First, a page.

Gavin Newsom. Photo: Justin Sullivan/Getty Images

California Gov. Gavin Newsom signed multiple gun control bills into law on Friday, expanding gun violence restraining orders and implementing harsher restrictions for the number of firearms Californians can purchase in a given month, the Sacramento Bee reports.

What's new: Newsom signed 15 bills in total on Friday, extending the length of gun violence restraining orders to a 5-year maximum, and requiring law enforcement agencies to implement written protocols on the use of the petitions.

  • Starting July 2021, California residents will be able to buy a single long gun per month. Separately, the state will allow teachers and co-workers to request firearms be removed from those thought to be dangerous starting Sept. 2020. According to the AP, that makes California the "first state" to do so.
  • Newsom also OK'd a law requiring ammunition vendors at gun shows to adhere to the same regulations as firearms dealers, and he signed a plan that would ban Californians from selling sizable quantities of guns without proper licensing.

The big picture: The state has already experienced dozens of mass shootings in 2019, data from the Gun Violence Archive shows.

  • 17 other states and Washington, D.C. already had similar gun violence restraining order laws in place, but the bill Newsom signed on Friday makes the state's regulation the most expansive in the nation, AP notes.

Background: Previously, only family members and police officers were allowed to file gun violence restraining orders against individuals. Once an order has been filed against someone, that individual cannot purchase or possess a firearm.

Go deeper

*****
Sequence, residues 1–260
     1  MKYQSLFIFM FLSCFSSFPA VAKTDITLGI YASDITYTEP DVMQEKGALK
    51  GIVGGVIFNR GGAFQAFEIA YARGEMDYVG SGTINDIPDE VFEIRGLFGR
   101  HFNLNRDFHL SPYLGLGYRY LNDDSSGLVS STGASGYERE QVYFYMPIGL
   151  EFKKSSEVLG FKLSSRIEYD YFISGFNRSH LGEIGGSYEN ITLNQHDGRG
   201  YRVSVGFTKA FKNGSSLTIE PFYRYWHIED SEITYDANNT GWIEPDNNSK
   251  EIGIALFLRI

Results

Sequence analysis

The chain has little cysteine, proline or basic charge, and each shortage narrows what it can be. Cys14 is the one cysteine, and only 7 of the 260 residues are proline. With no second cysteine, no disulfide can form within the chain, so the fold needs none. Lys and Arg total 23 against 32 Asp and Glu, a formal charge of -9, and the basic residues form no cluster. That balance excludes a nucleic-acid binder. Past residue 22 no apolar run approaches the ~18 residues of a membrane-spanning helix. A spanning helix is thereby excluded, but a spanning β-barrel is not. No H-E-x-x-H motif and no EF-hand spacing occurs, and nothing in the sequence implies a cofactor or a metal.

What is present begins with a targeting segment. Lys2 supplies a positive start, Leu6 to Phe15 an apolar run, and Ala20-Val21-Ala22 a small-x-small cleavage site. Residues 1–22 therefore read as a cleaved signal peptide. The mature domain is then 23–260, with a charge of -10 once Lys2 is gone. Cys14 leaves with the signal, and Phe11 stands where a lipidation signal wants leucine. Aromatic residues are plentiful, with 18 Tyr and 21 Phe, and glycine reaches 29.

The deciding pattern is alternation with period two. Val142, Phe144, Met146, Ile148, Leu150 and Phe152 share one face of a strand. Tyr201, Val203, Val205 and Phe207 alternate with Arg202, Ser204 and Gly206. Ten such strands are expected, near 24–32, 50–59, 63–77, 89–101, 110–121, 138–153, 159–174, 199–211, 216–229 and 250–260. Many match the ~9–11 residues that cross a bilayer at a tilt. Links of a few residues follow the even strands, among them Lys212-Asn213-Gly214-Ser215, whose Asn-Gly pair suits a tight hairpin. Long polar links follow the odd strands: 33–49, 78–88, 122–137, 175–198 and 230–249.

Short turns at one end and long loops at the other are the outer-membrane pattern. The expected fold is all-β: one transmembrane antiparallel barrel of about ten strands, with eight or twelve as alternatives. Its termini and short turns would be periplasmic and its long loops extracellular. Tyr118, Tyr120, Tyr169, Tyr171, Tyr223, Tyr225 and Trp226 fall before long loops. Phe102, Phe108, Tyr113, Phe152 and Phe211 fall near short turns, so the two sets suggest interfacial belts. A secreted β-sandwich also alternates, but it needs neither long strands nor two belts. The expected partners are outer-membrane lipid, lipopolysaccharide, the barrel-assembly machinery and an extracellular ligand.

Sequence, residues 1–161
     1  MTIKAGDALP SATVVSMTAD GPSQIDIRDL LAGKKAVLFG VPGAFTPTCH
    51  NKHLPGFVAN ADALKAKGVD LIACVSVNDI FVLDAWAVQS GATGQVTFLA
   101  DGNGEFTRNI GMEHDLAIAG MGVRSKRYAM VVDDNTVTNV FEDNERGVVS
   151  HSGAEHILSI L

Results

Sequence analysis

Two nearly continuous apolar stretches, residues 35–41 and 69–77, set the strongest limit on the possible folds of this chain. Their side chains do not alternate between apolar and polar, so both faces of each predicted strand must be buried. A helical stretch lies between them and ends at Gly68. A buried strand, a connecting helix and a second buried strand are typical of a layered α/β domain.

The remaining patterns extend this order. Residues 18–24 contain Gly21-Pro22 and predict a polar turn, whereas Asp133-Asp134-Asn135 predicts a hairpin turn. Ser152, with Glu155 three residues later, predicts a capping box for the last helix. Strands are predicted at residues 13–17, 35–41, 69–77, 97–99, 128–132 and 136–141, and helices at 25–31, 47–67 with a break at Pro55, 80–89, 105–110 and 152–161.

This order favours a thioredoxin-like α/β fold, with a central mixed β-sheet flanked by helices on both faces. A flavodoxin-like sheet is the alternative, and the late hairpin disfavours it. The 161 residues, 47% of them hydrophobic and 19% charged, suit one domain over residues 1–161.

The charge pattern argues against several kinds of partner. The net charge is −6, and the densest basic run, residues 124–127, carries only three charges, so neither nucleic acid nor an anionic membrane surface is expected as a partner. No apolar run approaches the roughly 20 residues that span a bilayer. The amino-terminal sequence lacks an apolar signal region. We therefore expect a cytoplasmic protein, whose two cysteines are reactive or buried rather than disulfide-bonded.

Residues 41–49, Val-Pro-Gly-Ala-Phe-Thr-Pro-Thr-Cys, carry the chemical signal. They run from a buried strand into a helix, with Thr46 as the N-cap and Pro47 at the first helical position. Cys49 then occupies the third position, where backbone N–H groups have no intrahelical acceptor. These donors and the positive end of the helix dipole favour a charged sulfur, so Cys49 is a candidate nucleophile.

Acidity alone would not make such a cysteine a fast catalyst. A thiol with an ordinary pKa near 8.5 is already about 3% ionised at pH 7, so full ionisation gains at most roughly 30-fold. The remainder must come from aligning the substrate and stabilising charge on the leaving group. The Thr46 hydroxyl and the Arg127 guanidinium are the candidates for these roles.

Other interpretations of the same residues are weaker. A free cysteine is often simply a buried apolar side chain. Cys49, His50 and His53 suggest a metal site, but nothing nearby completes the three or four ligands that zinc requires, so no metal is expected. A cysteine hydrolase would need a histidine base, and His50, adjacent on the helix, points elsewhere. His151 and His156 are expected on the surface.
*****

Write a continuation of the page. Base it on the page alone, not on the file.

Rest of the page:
Mike Allen, author of AM
1 hour ago - Politics & Policy

Biden pushes unity message in new TV wave

A fresh Joe Biden ad, "New Start," signals an effort by his campaign to make unity a central theme, underscoring a new passage in his stump speech that says he won't be a president just for Democrats but for all Americans.

What he's saying: The ad — which began Friday night, and is a follow-up to "Fresh Start" — draws from a Biden speech earlier in the week in Manitowoc, Wisconsin:

Updated 2 hours ago - Politics & Policy

Coronavirus dashboard

Illustration: Sarah Grillo/Axios

  1. Global: Total confirmed cases as of 6:30 p.m. ET: 32,390,204 — Total deaths: 985,302 — Total recoveries: 22,286,345Map.
  2. U.S.: Total confirmed cases as of 6:30 p.m ET: 7,020,967 — Total deaths: 203,481 — Total recoveries: 2,710,183 — Total tests: 98,476,600Map.
  3. States: "We’re not closing anything going forward": Florida fully lifts COVID restaurant restrictions — Virginia Gov. Ralph Northam tests positive for coronavirus.
  4. Health: Young people accounted for 20% of cases this summer.
  5. Business: Coronavirus has made airports happier places The expiration of Pandemic Unemployment Assistance looms.
  6. Education: Where bringing students back to school is most risky.

Trump prepares to announce Amy Coney Barrett as Supreme Court replacement

Judge Amy Coney Barrett. Photo: Matt Cashore/Notre Dame University via Reuters

President Trump is preparing to nominate federal appeals court Judge Amy Coney Barrett of Indiana, a favorite of both the social conservative base and Republican elected officials, to succeed Justice Ruth Bader Ginsburg, Republican sources tell Axios.

Why it matters: Barrett would push the already conservative court further and harder to the right, for decades to come, on the most important issues in American politics — from abortion to the limits of presidential power. If confirmed, she would give conservatives a 6-3 majority on the high court.

Get Axios AM in your inbox

Catch up on coronavirus stories and special reports, curated by Mike Allen everyday

Please enter a valid email.

Subscription failed
Thank you for subscribing!